>avalible, but so far, games like Prince of Persia look better on the
>SNES (or TG-16 for that matter).
>
I know that there are rumors (official stories in EGM) that Sega is working
on "tricking" the Genesis to display more colors. How they can do this, I
would like to know...

Nathan


Mark Phaedrus

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Dec 5, 1992, 11:38:12 AM12/5/92
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I'm looking for Shapeshifter and Shadow of the Beast for the TurboDuo.
If you have these for sale, or can recommend a good mail-order source for
them, please let me know. Thanks in advance!

--
\o\ Internet: phae...@halcyon.com (Seattle, WA Public Access Unix) \o\
\o\ "How'd you like to move a few steps down the food chain, pal?" \o\
\o\ If you enjoy fantasy/SF stories with transformation themes, email me \o\
\o\ for a copy of the Transformation Stories List. \o\

David R McClintock

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Dec 5, 1992, 1:46:59 PM12/5/92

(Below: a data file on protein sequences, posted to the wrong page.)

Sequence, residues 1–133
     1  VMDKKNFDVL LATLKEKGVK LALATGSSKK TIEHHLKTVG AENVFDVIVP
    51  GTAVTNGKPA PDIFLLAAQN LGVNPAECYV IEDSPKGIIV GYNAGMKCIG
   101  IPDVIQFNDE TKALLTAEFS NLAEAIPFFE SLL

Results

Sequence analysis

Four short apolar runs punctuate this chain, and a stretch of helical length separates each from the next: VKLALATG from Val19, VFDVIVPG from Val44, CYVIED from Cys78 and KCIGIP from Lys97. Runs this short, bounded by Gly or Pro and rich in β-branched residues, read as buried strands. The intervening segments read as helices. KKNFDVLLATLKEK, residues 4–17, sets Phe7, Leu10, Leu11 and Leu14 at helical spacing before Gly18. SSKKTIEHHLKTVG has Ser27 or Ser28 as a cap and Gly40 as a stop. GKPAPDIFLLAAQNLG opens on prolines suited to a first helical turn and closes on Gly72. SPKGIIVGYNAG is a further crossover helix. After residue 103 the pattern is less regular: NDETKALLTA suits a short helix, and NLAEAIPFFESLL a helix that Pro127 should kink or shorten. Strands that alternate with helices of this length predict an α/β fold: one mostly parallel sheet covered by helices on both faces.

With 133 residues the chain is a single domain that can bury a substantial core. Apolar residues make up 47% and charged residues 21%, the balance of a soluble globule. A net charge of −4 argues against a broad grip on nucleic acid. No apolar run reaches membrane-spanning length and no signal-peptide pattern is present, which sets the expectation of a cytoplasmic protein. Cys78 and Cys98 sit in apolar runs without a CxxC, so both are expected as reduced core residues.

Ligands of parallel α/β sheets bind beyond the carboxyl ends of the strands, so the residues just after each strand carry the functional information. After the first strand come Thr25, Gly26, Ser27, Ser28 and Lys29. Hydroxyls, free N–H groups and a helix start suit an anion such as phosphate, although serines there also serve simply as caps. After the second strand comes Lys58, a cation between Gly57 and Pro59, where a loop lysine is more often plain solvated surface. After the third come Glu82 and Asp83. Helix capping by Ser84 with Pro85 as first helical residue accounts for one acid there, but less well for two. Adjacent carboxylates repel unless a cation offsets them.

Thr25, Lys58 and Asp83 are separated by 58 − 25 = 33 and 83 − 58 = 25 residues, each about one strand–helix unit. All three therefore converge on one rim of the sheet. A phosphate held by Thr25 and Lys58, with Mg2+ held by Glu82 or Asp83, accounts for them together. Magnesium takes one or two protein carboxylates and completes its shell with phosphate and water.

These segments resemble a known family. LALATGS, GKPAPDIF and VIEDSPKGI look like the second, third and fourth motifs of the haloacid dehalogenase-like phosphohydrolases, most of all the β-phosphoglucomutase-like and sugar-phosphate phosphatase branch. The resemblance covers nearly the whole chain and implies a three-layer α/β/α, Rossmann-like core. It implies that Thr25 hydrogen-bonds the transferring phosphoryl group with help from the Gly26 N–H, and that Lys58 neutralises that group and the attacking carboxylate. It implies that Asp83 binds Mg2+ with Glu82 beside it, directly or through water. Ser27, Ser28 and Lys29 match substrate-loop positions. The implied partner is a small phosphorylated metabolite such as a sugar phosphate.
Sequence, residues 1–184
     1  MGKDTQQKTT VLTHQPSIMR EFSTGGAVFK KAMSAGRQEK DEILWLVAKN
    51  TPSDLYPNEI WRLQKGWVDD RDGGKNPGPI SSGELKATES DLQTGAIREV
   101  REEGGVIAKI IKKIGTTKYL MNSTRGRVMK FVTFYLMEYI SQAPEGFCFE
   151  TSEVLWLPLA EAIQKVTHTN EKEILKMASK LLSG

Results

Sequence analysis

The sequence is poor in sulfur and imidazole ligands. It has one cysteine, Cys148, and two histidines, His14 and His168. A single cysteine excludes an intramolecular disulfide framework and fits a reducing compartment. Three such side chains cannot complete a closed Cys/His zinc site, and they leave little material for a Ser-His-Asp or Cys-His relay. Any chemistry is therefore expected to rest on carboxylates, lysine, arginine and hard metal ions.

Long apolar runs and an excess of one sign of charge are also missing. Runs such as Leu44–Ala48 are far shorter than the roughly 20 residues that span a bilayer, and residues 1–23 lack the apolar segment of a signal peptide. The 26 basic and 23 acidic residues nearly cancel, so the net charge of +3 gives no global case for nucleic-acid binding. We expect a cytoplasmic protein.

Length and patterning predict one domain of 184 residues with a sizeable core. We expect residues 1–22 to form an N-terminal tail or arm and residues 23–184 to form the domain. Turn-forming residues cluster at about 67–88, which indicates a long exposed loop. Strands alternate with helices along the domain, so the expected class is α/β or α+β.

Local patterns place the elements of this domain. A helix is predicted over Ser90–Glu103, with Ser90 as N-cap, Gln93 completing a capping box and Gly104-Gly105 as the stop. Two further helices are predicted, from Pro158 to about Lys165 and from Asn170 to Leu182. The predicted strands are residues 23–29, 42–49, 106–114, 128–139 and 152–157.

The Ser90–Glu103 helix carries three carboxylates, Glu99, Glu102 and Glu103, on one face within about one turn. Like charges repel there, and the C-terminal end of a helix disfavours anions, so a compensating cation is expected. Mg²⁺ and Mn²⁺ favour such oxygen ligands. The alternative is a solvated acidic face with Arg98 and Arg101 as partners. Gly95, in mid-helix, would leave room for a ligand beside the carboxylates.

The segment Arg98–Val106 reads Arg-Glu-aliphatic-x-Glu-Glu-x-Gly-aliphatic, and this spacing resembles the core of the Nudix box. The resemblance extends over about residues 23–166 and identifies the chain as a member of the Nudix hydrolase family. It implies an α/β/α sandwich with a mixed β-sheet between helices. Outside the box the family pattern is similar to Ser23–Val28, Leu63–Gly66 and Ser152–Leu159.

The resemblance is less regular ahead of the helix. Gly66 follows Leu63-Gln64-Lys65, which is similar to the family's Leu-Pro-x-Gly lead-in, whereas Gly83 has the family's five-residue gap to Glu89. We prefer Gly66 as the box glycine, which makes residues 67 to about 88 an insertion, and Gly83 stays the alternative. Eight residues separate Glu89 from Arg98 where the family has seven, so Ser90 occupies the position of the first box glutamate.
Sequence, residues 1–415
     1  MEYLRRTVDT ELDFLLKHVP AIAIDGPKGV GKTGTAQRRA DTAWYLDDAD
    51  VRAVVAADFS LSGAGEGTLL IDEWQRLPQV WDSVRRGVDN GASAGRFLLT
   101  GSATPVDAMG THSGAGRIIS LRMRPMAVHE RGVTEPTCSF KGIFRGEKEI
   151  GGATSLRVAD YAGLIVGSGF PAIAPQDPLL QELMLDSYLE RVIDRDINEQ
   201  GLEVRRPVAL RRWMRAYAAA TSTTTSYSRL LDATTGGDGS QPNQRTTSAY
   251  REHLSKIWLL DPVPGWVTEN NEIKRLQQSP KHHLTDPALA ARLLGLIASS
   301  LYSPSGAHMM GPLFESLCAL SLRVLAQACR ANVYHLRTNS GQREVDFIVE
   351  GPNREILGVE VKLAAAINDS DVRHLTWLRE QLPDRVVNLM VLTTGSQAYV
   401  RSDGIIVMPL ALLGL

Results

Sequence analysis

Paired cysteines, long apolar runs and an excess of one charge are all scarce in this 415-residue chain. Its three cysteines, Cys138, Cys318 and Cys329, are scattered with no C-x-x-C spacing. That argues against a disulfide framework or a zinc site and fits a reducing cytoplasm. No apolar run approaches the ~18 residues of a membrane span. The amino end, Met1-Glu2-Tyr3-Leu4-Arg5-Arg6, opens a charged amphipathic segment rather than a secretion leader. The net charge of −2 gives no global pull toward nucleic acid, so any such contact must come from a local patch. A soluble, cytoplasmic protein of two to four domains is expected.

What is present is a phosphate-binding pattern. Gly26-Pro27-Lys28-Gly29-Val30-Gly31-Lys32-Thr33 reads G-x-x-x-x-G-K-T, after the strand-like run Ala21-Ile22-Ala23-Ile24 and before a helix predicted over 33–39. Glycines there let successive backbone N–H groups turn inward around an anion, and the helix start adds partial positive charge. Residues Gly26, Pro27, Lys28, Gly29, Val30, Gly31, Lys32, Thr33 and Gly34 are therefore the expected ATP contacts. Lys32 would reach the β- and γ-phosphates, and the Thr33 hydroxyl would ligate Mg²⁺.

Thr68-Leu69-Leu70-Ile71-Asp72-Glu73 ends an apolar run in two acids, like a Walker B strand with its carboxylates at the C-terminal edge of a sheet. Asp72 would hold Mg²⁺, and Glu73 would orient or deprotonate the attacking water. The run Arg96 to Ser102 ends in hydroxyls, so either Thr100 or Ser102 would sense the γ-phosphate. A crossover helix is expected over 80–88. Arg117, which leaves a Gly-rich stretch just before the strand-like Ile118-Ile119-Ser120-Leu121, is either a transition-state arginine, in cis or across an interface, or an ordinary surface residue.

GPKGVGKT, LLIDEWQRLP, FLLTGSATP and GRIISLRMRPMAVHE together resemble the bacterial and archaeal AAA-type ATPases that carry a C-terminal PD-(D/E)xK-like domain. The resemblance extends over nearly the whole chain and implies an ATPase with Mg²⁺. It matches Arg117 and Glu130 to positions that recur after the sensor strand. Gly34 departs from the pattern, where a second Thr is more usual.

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I don't care how they do it, JUST DO IT!! I woun't believe it till I see it though.
I would really like to see it happen.

Dave


Daniel Carleton

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Dec 7, 1992, 1:38:25 PM12/7/92
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>Dave
The Atari 2600 could change the color palette while the screen was being
raster-scanned. This way, It could have a different color palette on each
scan line. Activision games took advantage of this to create some graphicly
impressive games such as pitfall II. Imagic used this technique to create
the rainbow colored demons in 'Demon Attack'. As I recall, each sprite was
monochromatic on the 2600, but this scan line trick solved this problem in
a limited way. I'm not sure if the Genesis hardware could pull off this trick.